King Lear

It feels like summer has started, now that I’ve made my first visit of the year to the Globe to see King Lear (even if it was a bit chilly…).

A couple of years ago, working Front of House at the West Yorkshire Playhouse while at Uni, I wondered how I would cope with seeing their production of King Lear (3 hours and 10 minutes) three times in a fortnight. But the production kept my attention for all nine and a half hours. It featured an amazing cast, led by Tim Piggott-Smith as Lear. James Garnon, as Edmund, had a natural way of conveying Shakespeare that I’ve only seen surpassed by David Tennant. And as Edgar, Sam Crane’s physical and vocal transformation to Poor Tom was astonishing. I also found it a useful undertaking. The first time of watching I had to concentrate on following the plot, while the second and third viewings allowed me to focus more on the performances and appreciation of the language.

It also gave me a good grounding from which to see the Globe’s touring production. The multiple roles taken on by each member of the cast made it slightly hard to follow, and I imagine if I was coming to the play for the first time I would have relied heavily on the synopsis in the programme. Despite this, the production was full of committed and energetic performances, and the actors dealt well with their transitions between characters. They also made the most of minimal props and set, although inevitably the touring production wasn’t as well suited to the space as the Globe’s normal output.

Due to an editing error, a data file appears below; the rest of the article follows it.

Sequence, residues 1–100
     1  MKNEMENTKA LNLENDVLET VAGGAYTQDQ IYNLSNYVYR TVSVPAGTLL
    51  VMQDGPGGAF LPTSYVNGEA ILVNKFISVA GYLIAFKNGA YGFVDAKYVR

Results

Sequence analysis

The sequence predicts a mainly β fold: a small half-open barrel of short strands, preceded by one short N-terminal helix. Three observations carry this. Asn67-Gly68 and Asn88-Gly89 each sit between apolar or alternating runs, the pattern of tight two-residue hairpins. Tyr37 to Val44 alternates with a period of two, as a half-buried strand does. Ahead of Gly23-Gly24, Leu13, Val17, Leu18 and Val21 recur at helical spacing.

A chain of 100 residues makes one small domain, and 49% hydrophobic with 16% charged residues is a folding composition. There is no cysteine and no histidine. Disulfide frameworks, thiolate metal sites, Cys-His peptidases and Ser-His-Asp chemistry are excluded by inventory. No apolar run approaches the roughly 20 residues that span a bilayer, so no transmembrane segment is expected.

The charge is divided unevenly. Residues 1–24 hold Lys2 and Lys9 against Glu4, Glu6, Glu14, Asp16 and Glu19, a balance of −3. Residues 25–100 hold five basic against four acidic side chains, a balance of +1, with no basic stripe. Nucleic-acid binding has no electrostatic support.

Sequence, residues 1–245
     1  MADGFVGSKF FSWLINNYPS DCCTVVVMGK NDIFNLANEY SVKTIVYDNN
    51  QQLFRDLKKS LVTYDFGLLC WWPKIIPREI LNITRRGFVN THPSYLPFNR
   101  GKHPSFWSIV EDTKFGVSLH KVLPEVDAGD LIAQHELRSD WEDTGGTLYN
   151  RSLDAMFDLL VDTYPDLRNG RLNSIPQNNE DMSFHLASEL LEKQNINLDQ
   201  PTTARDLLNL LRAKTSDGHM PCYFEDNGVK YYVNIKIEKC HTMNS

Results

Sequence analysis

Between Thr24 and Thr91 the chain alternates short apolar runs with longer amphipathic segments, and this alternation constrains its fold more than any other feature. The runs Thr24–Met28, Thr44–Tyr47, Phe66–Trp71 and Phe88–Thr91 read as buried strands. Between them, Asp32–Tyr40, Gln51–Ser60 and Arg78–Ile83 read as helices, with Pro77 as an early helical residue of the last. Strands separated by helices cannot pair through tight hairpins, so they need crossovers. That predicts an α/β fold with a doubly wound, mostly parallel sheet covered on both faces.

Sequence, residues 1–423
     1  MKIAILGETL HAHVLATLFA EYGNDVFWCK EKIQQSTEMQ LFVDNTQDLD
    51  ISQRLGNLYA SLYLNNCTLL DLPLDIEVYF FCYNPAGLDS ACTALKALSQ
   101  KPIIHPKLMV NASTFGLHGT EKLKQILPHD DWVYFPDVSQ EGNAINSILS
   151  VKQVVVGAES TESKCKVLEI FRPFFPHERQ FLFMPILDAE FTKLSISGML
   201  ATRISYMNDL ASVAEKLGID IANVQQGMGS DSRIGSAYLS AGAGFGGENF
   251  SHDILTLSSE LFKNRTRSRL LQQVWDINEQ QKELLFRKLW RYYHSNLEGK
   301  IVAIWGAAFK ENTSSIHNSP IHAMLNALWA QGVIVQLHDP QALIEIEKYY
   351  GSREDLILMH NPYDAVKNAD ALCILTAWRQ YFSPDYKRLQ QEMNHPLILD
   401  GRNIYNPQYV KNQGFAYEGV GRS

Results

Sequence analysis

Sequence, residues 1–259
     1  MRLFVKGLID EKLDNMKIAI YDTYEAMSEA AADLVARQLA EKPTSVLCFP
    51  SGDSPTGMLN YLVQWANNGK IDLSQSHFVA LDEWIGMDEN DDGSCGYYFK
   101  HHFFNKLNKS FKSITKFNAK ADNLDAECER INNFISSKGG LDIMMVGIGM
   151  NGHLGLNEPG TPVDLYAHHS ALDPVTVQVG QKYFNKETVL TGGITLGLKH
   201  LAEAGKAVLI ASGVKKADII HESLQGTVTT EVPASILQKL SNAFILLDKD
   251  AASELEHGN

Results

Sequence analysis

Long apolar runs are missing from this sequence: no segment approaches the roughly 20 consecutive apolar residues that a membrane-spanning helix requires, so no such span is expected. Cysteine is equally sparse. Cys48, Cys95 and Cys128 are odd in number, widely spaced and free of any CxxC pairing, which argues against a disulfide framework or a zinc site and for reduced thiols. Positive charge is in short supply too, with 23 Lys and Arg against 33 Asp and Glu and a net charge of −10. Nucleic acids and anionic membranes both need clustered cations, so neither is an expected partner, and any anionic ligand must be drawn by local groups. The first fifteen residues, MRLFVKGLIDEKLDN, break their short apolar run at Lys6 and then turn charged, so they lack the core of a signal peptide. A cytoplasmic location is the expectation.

The impact of the play’s tragic finale was somewhat undermined by the customary song and dance at the end of the performance, but the audience certainly enjoyed it and the play received enthusiastic applause. While perhaps not as in-depth as the WYP version, this is a solid and engaging production.

Advertisements